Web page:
Did you read the article? The problems began in the 1995 under Governor George Patakis administration. Cuomo has only been in office for 6 years.
TBF NYC does have the exceptional — almost unique — feature that it runs 24/7.
Night Tube (the centre parts of the London Underground running continuously from early Friday to the middle of the night on Sunday) is mostly about re-arranging maintenance and cleaning programmes to avoid Friday and Saturday night closures. They hired a bunch more staff, but there's no infrastructure fix, so still nothing like New York.
But quoting from memory, could well be mistaken.
Other developed countries tend to have parliamentary systems where policy making requires multi-party coalitions. When you need to get three or more parties on board there is less opportunity to get park-barrel spending passed without _someone_ crying foul.
You're describing the rest of the US, not New York. New York is the other way around, where extreme corruption and disenfranchisement means elected officials have no reason to pay attention to their constituents. Sheldon Silver was one of the strongest advocates for cutting bus service, even though his district has no subway service, so they all depend on it.
Outside of city subways: Amtrak's Acela service (which is what passes for "high-speed" though I understand this is weak in comparison to Europe and Japan) was built and established in the early 2000s, and boosted Amtrak's share of the air/train travel on the NYC-DC corridor from 37% to 75%. Boston's Big Dig project, which for all its faults was certainly impressive, spanned a couple decades and was finished around 2004 or so.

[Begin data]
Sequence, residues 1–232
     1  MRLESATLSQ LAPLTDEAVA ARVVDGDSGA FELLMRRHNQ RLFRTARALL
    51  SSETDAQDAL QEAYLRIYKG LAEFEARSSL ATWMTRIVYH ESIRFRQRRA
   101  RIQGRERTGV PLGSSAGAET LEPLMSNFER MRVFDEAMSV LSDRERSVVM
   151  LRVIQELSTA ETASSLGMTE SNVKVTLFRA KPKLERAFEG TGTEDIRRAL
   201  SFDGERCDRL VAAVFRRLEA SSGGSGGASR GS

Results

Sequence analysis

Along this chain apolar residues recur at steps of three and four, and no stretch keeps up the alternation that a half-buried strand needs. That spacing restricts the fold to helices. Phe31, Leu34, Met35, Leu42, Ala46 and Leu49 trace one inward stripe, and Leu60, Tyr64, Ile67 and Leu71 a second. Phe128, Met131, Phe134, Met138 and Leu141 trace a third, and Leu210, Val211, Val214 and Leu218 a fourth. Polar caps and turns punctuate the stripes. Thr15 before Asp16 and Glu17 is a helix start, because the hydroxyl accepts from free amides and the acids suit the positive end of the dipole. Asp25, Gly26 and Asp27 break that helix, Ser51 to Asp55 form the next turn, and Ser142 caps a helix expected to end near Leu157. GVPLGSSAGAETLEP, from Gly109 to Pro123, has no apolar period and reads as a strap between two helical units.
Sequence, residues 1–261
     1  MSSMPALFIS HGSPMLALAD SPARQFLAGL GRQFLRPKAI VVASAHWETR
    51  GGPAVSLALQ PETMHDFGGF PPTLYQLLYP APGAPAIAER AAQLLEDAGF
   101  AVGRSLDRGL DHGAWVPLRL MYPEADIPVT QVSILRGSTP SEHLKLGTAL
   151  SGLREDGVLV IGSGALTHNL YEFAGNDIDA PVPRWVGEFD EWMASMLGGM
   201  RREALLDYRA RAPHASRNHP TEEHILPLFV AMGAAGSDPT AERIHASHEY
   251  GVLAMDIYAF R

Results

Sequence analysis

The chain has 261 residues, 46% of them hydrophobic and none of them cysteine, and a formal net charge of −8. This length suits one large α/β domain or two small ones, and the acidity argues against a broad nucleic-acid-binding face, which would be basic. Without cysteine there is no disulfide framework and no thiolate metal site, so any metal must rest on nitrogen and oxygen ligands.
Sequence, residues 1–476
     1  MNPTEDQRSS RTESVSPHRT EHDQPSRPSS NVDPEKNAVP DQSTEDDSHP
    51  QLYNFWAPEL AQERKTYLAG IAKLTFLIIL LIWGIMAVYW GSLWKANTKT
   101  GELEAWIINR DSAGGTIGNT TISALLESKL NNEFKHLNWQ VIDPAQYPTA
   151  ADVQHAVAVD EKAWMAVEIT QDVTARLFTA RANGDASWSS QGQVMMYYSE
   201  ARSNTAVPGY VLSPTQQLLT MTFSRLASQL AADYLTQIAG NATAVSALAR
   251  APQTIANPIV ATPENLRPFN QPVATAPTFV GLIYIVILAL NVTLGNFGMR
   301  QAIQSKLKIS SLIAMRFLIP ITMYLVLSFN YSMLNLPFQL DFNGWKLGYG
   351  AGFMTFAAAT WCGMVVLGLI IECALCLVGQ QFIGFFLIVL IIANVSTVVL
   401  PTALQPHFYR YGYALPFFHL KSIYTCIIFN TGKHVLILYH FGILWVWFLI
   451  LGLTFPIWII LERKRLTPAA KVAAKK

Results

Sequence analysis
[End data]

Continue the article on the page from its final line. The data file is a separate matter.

Two main things you'd do if you had money and political will to speed this up:
1. Tear out old bridges (some have been "urgently in need of replacement" for a decade already) and replace with modern ones. Locals like how the old bridge looks? Great, hand over the money for a new one that looks the same. No money? You get a generic reinforced concrete bridge rated for 120mph and suck it up. This can be done in 24 hours per bridge for a short bridge, shut the railway, smash the old bridge, drop the new one in, test it, re-open the railway. If you have the manpower you can do ten bridges at once.
2. Eliminate at-grade crossings. These are unsafe even for lower speeds, they're lethal for High Speed Rail and must be closed. If practical add a bridge or tunnel. If not, too bad, close them anyway and people have to go round.